In such a program, TQM presents a fundamental challenge to the use of internal performance standards to achieve public health objectives (Saaty, 2009). While the use of performance standards is a starting point for TQM, continuous quality management goes beyond conforming to control standards. TQM includes systematic review of the work performed by the organization, with emphasis on the horizontal integration of services across program areas. Attention can is given to identifying and reducing variations in the work performance of medical staff and non-medical staff. Improvement is based on both outcome and process. The hospital constantly improves its problem-solving capacity, using performance standards as leverage in the improvement process.

APEX-PH and TQM at Al-Noor

Whereas Model Standards and APEX-PH focus on strategic health outcome objectives and community stakeholders as the ultimate health department customers, TQM examines each component in the process used to achieve the hospital’s health goals. The clients in TQM include the many users of the hospital’s output, including health providers within the organization itself (Saaty, 2009).

The criterion is not whether or not the work meets some management performance standard per se, but whether the user (often a part of a different profession, or a group of employees with the hospital, or a host of other public and private health service agencies) is satisfied with the timeliness and usefulness of the service being provided by or within the public health agency. The managerial problem is not to assure adherence to prescribed standards. It has to use energy in facilitating and assuring continuous improvement in the many interrelated processes that are the work of the department.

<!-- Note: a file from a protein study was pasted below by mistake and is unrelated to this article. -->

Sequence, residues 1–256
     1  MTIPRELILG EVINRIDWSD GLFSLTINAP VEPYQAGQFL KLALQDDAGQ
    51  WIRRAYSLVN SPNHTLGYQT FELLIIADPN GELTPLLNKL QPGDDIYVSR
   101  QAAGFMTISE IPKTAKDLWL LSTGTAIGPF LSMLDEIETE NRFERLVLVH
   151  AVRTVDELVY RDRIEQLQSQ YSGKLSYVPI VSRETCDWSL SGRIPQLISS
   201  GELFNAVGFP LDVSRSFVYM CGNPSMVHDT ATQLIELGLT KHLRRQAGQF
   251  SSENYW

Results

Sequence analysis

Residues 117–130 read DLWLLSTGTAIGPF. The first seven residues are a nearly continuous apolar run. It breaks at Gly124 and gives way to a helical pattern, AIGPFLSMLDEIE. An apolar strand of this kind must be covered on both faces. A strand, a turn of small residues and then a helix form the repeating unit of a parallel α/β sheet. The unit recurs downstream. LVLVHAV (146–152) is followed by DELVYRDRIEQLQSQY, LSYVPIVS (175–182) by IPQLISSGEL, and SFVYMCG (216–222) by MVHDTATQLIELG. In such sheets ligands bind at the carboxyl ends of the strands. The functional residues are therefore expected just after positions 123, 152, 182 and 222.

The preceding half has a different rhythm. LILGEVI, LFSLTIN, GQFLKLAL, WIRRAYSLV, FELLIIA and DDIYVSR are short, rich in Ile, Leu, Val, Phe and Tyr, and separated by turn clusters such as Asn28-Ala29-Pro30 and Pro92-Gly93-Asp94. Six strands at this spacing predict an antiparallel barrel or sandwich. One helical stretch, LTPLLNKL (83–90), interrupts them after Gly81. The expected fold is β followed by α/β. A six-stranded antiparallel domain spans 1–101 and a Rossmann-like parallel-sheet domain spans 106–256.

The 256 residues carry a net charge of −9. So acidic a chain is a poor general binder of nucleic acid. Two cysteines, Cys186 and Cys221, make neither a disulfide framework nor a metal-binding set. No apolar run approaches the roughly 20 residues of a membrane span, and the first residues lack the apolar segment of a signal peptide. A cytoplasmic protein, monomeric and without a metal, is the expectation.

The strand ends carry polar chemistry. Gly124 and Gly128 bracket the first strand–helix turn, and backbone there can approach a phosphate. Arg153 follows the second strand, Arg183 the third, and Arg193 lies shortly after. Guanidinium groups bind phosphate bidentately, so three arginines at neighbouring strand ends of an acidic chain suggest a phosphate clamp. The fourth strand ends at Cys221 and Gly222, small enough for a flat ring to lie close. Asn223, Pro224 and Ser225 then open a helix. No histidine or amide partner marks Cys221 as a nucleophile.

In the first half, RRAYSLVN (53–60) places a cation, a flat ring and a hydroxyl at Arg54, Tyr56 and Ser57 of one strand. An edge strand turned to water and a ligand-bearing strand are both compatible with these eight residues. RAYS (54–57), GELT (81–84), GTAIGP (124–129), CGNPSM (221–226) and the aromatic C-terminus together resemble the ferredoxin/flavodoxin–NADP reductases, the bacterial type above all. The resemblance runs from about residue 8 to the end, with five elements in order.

Conclusion

The TQM model focuses on the system, emphasizing collective managerial responsibility, not simply legal or professional mandates. The management understands that it is the primary source of problems, and by focusing on their system they provide opportunities for improving their services. TQM focuses on the work process, not on the individual worker. The objective is not to rely solely on legal or professional authority, but to challenge the interdisciplinary work group involved assuming ownership of that process and responsibility for its continuous improvement.

References

Robson, C. (2002). Real world Research, Blackwell Publishing, Oxford.

Saaty, T. (2009). The Analytical Hierarchical Process, Wiley, New York.